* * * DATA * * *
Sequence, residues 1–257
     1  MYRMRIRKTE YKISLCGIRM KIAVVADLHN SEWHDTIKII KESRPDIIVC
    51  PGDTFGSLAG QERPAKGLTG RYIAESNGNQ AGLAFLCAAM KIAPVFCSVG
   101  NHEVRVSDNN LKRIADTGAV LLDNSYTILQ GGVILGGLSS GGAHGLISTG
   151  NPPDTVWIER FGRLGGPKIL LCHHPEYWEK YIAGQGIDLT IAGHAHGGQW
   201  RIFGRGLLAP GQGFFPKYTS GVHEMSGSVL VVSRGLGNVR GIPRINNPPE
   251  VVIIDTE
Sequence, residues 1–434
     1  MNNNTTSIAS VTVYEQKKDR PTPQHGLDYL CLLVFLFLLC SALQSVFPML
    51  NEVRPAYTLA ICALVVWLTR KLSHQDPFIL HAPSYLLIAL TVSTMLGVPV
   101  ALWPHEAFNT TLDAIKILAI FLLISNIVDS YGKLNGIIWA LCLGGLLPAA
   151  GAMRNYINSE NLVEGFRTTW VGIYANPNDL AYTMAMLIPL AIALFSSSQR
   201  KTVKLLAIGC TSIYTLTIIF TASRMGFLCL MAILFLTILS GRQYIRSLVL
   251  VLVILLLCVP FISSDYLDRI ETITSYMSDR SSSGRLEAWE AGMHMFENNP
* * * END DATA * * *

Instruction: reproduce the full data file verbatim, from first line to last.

Sequence, residues 1–257
     1  MYRMRIRKTE YKISLCGIRM KIAVVADLHN SEWHDTIKII KESRPDIIVC
    51  PGDTFGSLAG QERPAKGLTG RYIAESNGNQ AGLAFLCAAM KIAPVFCSVG
   101  NHEVRVSDNN LKRIADTGAV LLDNSYTILQ GGVILGGLSS GGAHGLISTG
   151  NPPDTVWIER FGRLGGPKIL LCHHPEYWEK YIAGQGIDLT IAGHAHGGQW
   201  RIFGRGLLAP GQGFFPKYTS GVHEMSGSVL VVSRGLGNVR GIPRINNPPE
   251  VVIIDTE
Sequence, residues 1–434
     1  MNNNTTSIAS VTVYEQKKDR PTPQHGLDYL CLLVFLFLLC SALQSVFPML
    51  NEVRPAYTLA ICALVVWLTR KLSHQDPFIL HAPSYLLIAL TVSTMLGVPV
   101  ALWPHEAFNT TLDAIKILAI FLLISNIVDS YGKLNGIIWA LCLGGLLPAA
   151  GAMRNYINSE NLVEGFRTTW VGIYANPNDL AYTMAMLIPL AIALFSSSQR
   201  KTVKLLAIGC TSIYTLTIIF TASRMGFLCL MAILFLTILS GRQYIRSLVL
   251  VLVILLLCVP FISSDYLDRI ETITSYMSDR SSSGRLEAWE AGMHMFENNP